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Response & Bio Andrew Neuendorf

Question #1) In issue #3 of Double Room, Ron Silliman suggests that it is erroneous to assume “that a signature feature of the prose poem is its brevity.” He calls this misguided assumption, Jacob’s fallacy, and he further argues that considering the differences between the prose poem and the flash fiction is “like trying to identify the border between, say, Korean & Portuguese, similar insofar as each is a language.” Do you agree with Silliman’s assessment? In contrast, Ava Chin suggests that she wrote flash fiction during a period when she was extremely overworked: “their jarring method and brevity, their element of surprise, lent themselves well to my shortened yet heightened attention span.” Chin seems to suggest that the brevity aided and enabled a new kind of invention for her. Do you think that prose poetry and flash fiction do have some kind of compression or brevity as a related characteristic? When you write in this form, the pp/ff, do you place any space or length restrictions on yourself?

My current obsession as a reader is John Ashbery’s “The System,” a prose poem that wanders through fifty pages parodying a variety of prose discourses, including metaphysical speculation, historical analysis, self-help manuals, and apocalyptic prophecy. The length of this poem is appropriate because part of Ashbery’s goal is to reclaim, on poetry’s behalf, genres or modes of discourse that poetry has abandoned in favor of courting the conventional (and frequently confessional) lyric poem and its characteristic brevity. Any reader who notices the page length, paragraph format, and justified margins of the “The System” and expects a lucid essay or linear plot will quickly twist an ankle stepping in the rabbit hole. This, however, is minimal punishment compared to the reading experience awaiting anyone foolish enough to dive in head first.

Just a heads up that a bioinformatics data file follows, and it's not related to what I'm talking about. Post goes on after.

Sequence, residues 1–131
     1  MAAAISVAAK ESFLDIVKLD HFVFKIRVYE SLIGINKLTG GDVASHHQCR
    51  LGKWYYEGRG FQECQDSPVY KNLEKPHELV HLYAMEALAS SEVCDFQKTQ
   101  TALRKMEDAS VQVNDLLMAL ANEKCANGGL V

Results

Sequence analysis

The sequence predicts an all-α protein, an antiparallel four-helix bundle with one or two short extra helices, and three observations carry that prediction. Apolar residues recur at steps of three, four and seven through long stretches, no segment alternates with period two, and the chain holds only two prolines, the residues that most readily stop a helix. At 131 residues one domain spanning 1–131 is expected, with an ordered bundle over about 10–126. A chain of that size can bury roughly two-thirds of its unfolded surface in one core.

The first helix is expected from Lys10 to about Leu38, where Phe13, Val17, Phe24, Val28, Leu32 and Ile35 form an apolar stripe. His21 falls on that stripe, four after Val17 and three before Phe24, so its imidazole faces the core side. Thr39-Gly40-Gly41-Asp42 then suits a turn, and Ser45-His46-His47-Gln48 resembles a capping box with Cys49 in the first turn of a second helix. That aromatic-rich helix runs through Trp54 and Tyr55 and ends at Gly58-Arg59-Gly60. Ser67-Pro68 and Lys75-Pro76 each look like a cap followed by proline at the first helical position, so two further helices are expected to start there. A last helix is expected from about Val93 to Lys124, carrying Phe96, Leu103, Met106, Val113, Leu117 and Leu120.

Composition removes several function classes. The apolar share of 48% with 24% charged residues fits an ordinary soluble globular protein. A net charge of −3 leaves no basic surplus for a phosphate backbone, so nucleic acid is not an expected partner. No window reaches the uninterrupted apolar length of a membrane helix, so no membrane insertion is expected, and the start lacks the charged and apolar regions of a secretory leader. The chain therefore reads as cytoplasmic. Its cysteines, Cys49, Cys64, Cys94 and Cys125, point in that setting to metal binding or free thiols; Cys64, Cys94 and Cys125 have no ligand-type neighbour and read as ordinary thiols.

Due to its poetic aims, “The System” requires a sprawling, expansive form; shorter prose poems, on the other hand, can explore ground that Ashbery would likely plow right through, such as succinct, epiphanic leaps, like when you return from vacation to discover a pig has been living in your refrigerator. You wonder, What did he eat first, the bacon or the ham? And how, without the aid of opposable thumbs, did he manage to open the milk?


Andrew Neuendorf has just finished his first year in the MFA program at Texas State University-San Marcos, where he is currently awaiting official censure for refusing to break his lines. The prose poems in this issue of Double Room represent his first journal publications. Andrew lives in Austin, Texas, with his wife Melissa.